Developer and real estate interests are funding at least three local candidates in the lead up to the November 3rd election and it is clear that real estate interests are trying to buy another city council. The overwhelming amount of money put up by the real estate industry and certain individual realtors for three candidates, is now clear and can be seen in the above campaign financial statements but also in their political action committee (PAC), Santa Cruz Together (SCT), as well. There are three candidates that the realtors are seeking to influence city politics, as was seen during the rent control and recall campaigns. It's not just speculation on my part about which horses the realtors’ money is backing, but the three candidates even trumpet on all their mailings and web sites the support of SCT, a PAC.
It is no surprise that developer and real estate interests are NOT supporting Sandy Brown, Kayla Kumar, or Kelsey Hill, but labor unions and local political groups are all in. The donations are lopsided indeed, with hundreds of dollars coming from each labor group, SC4Bernie, and the People's Democratic Club, but thousands are heading into SCT's coffers. Labor's efforts are dwarfed by the large donations Santa Cruz Together, and the candidates themselves, have received from real estate interests. These entities, some hiding behind Limited Liability Corporations (LLC), are investing money into candidates and they will expect a return. Remember, while many of these folks have maxed out the $400 individual limit per candidate, there are no limits on what they can donate to the Santa Cruz Together PAC, and donate they do. From SCT's 460 form it looks like "total expenditures made" was $78,108 this calendar year. Here is a list of what just a few of these donors (not to mention, but not listed here, are donors from San Jose, Oregon, San Mateo, and San Francisco) have given this year as of 10/22/20:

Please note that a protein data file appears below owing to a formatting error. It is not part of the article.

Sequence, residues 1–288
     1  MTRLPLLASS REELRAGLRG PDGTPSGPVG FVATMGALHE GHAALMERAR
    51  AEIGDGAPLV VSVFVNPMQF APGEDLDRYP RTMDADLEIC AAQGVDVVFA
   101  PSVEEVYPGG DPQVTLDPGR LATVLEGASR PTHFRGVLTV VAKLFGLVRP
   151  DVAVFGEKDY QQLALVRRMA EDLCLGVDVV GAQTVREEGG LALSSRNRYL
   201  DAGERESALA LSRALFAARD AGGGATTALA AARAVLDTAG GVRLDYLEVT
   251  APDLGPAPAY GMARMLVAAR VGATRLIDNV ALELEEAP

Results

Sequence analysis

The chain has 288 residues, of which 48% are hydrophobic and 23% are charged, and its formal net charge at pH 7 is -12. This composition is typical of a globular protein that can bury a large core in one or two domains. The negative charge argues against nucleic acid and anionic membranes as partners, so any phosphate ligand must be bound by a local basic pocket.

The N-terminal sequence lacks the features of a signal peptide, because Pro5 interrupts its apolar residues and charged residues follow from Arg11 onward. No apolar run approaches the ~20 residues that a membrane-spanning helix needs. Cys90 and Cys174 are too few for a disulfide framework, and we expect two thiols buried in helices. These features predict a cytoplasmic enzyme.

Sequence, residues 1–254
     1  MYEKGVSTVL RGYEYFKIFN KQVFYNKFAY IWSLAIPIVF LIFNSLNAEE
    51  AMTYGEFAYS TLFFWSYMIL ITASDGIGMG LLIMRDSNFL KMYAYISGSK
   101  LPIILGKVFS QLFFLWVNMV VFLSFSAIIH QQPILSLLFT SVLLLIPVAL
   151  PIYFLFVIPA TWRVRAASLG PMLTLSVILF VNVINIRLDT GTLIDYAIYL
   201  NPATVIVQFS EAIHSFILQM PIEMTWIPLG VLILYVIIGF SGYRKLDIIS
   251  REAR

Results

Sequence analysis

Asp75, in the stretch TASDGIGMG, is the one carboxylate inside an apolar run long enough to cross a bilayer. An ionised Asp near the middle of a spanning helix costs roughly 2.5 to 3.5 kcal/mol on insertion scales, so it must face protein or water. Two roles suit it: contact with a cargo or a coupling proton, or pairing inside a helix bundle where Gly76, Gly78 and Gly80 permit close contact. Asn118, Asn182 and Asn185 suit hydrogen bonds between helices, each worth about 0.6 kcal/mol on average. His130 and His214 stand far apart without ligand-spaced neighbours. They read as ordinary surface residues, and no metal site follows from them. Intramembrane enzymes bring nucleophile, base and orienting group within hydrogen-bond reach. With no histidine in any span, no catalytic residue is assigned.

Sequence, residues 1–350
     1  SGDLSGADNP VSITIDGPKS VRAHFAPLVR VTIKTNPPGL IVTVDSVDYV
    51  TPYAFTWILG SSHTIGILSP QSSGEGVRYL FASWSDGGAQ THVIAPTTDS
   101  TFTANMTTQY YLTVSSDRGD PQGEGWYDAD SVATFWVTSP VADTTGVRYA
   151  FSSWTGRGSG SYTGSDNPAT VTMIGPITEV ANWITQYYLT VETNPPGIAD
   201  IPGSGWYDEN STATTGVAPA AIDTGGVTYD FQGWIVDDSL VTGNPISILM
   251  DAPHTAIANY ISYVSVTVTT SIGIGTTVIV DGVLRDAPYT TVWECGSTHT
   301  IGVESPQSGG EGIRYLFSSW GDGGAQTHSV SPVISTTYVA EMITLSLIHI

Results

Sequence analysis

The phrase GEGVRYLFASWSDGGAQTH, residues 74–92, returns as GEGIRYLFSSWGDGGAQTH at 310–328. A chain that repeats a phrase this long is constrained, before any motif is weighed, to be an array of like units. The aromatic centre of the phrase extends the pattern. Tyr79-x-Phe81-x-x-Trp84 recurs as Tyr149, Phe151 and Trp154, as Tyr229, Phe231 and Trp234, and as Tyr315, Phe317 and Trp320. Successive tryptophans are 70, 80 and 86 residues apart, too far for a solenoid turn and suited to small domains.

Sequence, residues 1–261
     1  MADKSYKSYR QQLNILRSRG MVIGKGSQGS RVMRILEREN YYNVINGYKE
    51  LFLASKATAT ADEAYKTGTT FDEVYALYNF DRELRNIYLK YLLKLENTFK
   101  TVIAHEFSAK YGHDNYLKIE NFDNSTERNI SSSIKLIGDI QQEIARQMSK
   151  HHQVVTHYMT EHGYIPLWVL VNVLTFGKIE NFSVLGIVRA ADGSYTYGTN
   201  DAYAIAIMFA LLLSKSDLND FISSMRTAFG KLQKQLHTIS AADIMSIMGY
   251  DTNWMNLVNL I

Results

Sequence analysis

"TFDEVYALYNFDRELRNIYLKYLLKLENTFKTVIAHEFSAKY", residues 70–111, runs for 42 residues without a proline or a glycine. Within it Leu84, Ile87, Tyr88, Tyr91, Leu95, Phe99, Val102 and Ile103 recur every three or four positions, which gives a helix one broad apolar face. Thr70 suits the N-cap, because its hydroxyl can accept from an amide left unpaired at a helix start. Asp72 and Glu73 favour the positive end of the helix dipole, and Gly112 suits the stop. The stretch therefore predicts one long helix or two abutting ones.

Can socialists reform the way campaign spending is done–or is defunding the whole damn system called for, similar to non-reformist approaches to the police? In Santa Cruz, what is clear is that voluntary spending limits clearly help stave off a run-away big money game at the city council and county supervisor levels. Further incentives such as public campaign financing would help candidates of lesser means and it could be incentive based. According to this scenario, every $5,000 raised by a candidate would be matched by city money up to the current limit of $40,000. Candidates in Santa Cruz can currently not accept the limit and spend much more freely. One candidate in 2018 agreed to the limit and then spent over $60,000 and was hit with a fine. Where we need much stricter limits is municipal ballot measures. Begin with voluntary limits and generous matching public funding in order to stay competitive with the outside money certain ballot measures attract, like rent control and hotel tax initiatives. Until Citizens United is overturned the only way to bring down spending is with publicly financed incentives.